While you can grow dahlias from seeds, it’s easier to grow them from tubers. Planting dahlia tubers allows you to know exactly what you’ll get from the plant, whereas planting these flowers from seed may lead to mixed results. You should be able to find the tubers for the types of dahlias you wish to plant in specialty stores online. Your local nursery may also stock a variety of dahlia tubers to choose from.

Step 4: Prepare the soil

Dahlias grow best in soil that’s well-drained and rich in nutrients. They like to be kept a little moist, without becoming waterlogged. When preparing the soil for planting dahlias, mix in plenty of organic matter to boost the nutrients for the plants – this could include manure, compost, or leaf matter.

Step 5: Plant your tubers

Once the soil is adequately prepared, it’s time to plant your dahlia tubers. To do this, dig a hole about 15cm deep and carefully place the tubers inside before covering them with soil. Make sure you leave plenty of space between tubers to allow them to spread out as they grow. About 30cm of spacing should be enough.

Step 6: Don’t be too quick to water!

While it may be a bit of a habit to water new plants as soon as you’ve covered them with soil, it’s generally best to hold out on doing this with dahlias if the soil you’ve planted them in is already a little moist. Adding too much water to the tubers can cause them to rot rather than grow. If the soil you’ve planted the dahlia tubers in is wet, plant them, then leave them alone until they reach around 10-15 cm tall. If it’s dry, give them a thorough watering straight after planting and then leave them until they reach this height. In both scenarios, you may like to give these plants very occasional water if you feel they need it, but be careful not to drench them.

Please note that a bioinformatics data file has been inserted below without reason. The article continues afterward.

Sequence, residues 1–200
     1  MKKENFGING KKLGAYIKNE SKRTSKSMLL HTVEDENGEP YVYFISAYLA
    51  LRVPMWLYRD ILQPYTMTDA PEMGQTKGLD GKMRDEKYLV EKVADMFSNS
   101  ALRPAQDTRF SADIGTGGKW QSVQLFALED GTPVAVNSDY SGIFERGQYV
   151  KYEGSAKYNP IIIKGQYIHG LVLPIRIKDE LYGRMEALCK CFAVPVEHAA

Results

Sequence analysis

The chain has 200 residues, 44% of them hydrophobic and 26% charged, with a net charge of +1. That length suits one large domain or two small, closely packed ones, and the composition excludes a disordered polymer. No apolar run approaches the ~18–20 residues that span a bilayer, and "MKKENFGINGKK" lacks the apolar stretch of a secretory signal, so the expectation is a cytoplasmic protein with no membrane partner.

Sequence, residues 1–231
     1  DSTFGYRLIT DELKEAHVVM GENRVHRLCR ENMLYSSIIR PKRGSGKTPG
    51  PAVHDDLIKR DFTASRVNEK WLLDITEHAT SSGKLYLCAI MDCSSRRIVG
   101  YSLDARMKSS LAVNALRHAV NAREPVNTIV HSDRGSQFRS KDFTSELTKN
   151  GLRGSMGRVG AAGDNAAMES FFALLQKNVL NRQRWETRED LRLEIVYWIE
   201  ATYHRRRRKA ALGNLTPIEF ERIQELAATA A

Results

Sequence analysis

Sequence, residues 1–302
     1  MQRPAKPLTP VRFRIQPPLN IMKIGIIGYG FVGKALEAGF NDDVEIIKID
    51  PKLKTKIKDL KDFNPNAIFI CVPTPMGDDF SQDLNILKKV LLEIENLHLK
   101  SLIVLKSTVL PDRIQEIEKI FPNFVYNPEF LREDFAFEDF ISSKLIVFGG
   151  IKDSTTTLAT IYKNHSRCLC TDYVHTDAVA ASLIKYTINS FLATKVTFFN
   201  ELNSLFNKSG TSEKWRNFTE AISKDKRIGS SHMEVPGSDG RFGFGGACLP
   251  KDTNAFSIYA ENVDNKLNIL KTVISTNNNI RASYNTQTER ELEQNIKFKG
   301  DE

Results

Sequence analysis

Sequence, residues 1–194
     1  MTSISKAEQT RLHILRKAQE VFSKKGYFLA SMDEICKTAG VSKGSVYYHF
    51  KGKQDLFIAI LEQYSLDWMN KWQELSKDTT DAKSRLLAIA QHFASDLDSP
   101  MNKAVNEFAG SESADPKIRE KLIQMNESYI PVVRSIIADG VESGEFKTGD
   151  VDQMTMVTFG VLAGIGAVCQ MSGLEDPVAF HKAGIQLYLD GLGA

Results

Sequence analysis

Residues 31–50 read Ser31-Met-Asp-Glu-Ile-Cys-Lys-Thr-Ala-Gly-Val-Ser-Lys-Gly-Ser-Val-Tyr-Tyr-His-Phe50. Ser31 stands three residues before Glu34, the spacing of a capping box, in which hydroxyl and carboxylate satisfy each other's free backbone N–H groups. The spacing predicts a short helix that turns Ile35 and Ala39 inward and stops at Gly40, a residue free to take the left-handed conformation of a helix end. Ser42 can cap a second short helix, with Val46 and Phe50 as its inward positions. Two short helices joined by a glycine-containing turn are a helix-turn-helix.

Caring tips for dahlias

As mentioned above, caring for dahlias is a relatively simple task. These plants are quite resilient and don’t require a lot of fussing to stay healthy and bloom. However, you can do a few things to ensure your plants are getting everything they need.


Be careful not to overwater your dahlias, particularly when they’re first planted and the tubers are beginning to sprout. Once the plants have taken hold, you can begin to water them more regularly. Try to keep water off the leaves, where possible, instead choosing to water at the base of the plants. Watering these shrubs deeply one or two times a week should be sufficient to keep your dahlias happy. Alternatively, you might like to install irrigation to provide a consistent, deep watering system for these plants.


Add organic mulch to the base of the plant during warm summers to help protect the shrub from hot days. This could be straw, pine chips, or other suitable organic material. If you live in an area that experiences milder winters, you may also be able to get away with mulching the soil during the winter to keep the tubers protected from the cold, rather than digging them out to keep them safe.

Pruning and deadheading

Pruning your dahlias will encourage thicker growth and cause your plants to spread out and fill the space more. To do this, pinch off new tips as they begin to grow. Once flowers are blooming, cut them from the plant and more flowers should take their place. Remove dying flowers and regularly deadhead the bush by cutting the flower where it intersects with the nearest leaf. After a few months, you’ll likely notice the rate of flowering beginning to fade. When this happens, simply cut the shrub back to half its size and wait for the leaves to begin dropping or withering. At this point, cut the plants right back and either mulch the ground to protect the tubers below from the winter cold or remove them from the soil altogether.


Fertilising your dahlia plants will give them additional nutrients, helping them to grow well and produce lots of beautiful blooms. A general-purpose fertiliser should be applied around the plant and watered into the soil once they reach around 25-30cm tall. Fertiliser can also be applied regularly once flowers begin to bloom to extend their life.

We hope you’ve enjoyed reading through our dahlia planting guide and learning more about these wonderful flowers. Dahlias are relatively easy flowers to care for, and produce some amazing blooms to brighten up your garden during the late spring and summer months. With so many beautiful varieties to choose from, you’re sure to find one (or a few) perfect for your space!

For a more professional looking garden, don’t hesitate to call the experts at Jim’s mowing. Learn more about our comprehensive range of professional gardening services.